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Old November 14th, 2004, 06:52 PM   #1
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LONDON | DLR, Underground, Tramlink

Hereís all of the current Stocks of train operating on London Underground, in chronological order of introduction:

A60 or A-Stock dating back to 1960, in use on the Metropolitan Line (8 cars) and East London Line (4 cars) :



1967 Stock of the Victoria Line (8 cars), fully automatically driven from its inception:



C69/C77 Stocks (C-Stocks) of the Hammersmith & City and Circle Lines, and also the Edgware Road to Wimbledon District Line service (6 cars). Built in two batches in 1969 and 1977 with minimal differences between the two:



1972 Stock, Bakerloo Line (7 cars) :



1973 Stock, Piccadilly Line (6 cars) :



D78 Stock, District Line (6 cars). The Last stock of train to be refurbished, the first units are being delivered back by the end of this year. The bare aluminium body seen here is how all of the above stocks appeared before their refurbishment during the 1990ís :



1992 Stock, Central Line (8 cars). Fully automatic, currently only the Victoria and Central Lines are (although all newer stocks have the capability, itís the signalling that needs upgrading) :



1995 Stock, Northern Line (6 cars) :



1996 Stock, Jubilee Line (6 cars, soon to be 7) :



Source:

http://tube.tfl.gov.uk/content/faq/trains/astock.asp
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Old November 14th, 2004, 07:24 PM   #2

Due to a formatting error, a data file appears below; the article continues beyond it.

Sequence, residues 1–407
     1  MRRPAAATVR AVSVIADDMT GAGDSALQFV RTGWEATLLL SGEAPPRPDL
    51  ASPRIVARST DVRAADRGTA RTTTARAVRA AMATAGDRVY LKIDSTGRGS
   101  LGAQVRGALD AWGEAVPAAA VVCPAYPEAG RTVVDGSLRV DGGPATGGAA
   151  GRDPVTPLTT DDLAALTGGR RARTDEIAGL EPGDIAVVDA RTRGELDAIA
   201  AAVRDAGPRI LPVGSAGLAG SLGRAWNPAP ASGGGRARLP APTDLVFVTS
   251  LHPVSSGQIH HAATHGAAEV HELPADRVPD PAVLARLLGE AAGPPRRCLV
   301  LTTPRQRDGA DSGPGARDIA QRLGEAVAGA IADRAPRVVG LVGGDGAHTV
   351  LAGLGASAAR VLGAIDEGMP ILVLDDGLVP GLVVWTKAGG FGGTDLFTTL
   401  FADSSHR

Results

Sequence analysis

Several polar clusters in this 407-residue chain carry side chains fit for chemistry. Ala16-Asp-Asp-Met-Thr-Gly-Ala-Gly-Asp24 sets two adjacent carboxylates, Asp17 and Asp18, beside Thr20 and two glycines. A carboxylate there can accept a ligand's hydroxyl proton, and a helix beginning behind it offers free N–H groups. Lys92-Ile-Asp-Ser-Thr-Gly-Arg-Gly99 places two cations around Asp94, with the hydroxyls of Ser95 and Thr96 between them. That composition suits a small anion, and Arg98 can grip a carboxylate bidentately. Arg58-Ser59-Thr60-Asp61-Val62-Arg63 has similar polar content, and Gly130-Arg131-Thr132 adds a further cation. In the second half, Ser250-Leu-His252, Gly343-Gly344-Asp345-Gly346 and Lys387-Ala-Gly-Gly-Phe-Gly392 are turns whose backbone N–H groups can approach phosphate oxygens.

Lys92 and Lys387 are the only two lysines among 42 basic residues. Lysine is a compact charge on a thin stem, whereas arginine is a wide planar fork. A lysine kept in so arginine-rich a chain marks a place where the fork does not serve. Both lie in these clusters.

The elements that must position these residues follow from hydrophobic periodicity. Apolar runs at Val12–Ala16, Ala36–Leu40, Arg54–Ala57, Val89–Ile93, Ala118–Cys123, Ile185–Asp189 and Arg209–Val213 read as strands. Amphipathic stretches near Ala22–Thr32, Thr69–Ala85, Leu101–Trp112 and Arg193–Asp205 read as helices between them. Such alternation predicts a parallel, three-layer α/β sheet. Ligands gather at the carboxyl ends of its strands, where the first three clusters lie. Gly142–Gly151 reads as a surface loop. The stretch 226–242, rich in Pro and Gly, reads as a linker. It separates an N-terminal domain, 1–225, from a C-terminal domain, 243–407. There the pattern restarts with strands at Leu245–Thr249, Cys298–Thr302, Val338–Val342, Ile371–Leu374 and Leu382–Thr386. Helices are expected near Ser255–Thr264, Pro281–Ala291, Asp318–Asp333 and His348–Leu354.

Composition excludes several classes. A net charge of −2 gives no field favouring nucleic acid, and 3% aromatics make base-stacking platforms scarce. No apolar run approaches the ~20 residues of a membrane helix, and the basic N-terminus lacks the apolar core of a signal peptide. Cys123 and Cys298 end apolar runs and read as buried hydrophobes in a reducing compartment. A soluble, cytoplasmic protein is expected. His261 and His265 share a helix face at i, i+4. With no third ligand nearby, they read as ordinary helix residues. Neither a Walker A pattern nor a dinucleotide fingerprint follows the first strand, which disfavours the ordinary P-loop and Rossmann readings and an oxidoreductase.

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Here's some older stocks which have graced London Underground...

1959 Stock which I used to drive up and down the Northern Line until they were finally replaced by the 1995 Stock in 1999:





The gloomy interior:



The Guard at the back of a 1959 stock waiting to close the doors and give the driver the Bell. This single train of 1959 stock was repainted in beautiful 1930's maroon and cream livery towards the end of its life... I have myself been Guard and Driver on this train several times:



The repainted unit at my local station, Angel:



Disappearing into the tunnel at Morden, not to re-appear for 17.5 miles!:



The Guards' Panel... It was at the front of the last carriage and as the Guard you just raised a bar across the gangway to protect yourself from the public:



Source:

http://www.squarewheels.org.uk/rly/s...tubeStock.html

The beautifully designed R-Stock of the District Line, they survived until the early 1980's before being replaced by the D-Stock. These used to rattle past my house when I was a kid and probably are to blame for my love of the Tube and consequently my career choice!:





The CO/CP Stock which was basically an R-Stock painted red... they were withdrawn before the R-Stock, but I still just remember them. Look at the way the train "flares" out at the bottom of the cars at platform level... one of the many quirky little Art Deco touches that made these trains so beautiful: